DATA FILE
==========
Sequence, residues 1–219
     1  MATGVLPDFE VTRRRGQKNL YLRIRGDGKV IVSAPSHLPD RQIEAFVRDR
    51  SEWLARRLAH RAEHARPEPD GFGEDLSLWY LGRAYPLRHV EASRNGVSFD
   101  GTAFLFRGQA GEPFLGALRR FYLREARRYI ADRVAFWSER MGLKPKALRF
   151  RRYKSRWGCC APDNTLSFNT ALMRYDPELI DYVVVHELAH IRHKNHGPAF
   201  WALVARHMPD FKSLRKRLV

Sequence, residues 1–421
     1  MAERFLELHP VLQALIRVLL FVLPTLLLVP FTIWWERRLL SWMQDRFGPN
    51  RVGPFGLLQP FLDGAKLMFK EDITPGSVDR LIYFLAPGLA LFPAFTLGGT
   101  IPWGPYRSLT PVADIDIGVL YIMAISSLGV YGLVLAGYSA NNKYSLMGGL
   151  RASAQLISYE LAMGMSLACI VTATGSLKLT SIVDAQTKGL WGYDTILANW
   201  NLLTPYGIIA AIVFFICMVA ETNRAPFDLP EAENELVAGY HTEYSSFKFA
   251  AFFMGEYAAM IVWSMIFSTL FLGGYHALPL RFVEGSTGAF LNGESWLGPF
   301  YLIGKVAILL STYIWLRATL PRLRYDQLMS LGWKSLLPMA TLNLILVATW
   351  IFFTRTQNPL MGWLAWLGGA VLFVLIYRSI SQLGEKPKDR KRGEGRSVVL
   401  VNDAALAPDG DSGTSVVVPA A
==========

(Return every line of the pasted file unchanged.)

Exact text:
Sequence, residues 1–219
     1  MATGVLPDFE VTRRRGQKNL YLRIRGDGKV IVSAPSHLPD RQIEAFVRDR
    51  SEWLARRLAH RAEHARPEPD GFGEDLSLWY LGRAYPLRHV EASRNGVSFD
   101  GTAFLFRGQA GEPFLGALRR FYLREARRYI ADRVAFWSER MGLKPKALRF
   151  RRYKSRWGCC APDNTLSFNT ALMRYDPELI DYVVVHELAH IRHKNHGPAF
   201  WALVARHMPD FKSLRKRLV

Sequence, residues 1–421
     1  MAERFLELHP VLQALIRVLL FVLPTLLLVP FTIWWERRLL SWMQDRFGPN
    51  RVGPFGLLQP FLDGAKLMFK EDITPGSVDR LIYFLAPGLA LFPAFTLGGT
   101  IPWGPYRSLT PVADIDIGVL YIMAISSLGV YGLVLAGYSA NNKYSLMGGL
   151  RASAQLISYE LAMGMSLACI VTATGSLKLT SIVDAQTKGL WGYDTILANW
   201  NLLTPYGIIA AIVFFICMVA ETNRAPFDLP EAENELVAGY HTEYSSFKFA
   251  AFFMGEYAAM IVWSMIFSTL FLGGYHALPL RFVEGSTGAF LNGESWLGPF
   301  YLIGKVAILL STYIWLRATL PRLRYDQLMS LGWKSLLPMA TLNLILVATW
   351  IFFTRTQNPL MGWLAWLGGA VLFVLIYRSI SQLGEKPKDR KRGEGRSVVL
   401  VNDAALAPDG DSGTSVVVPA A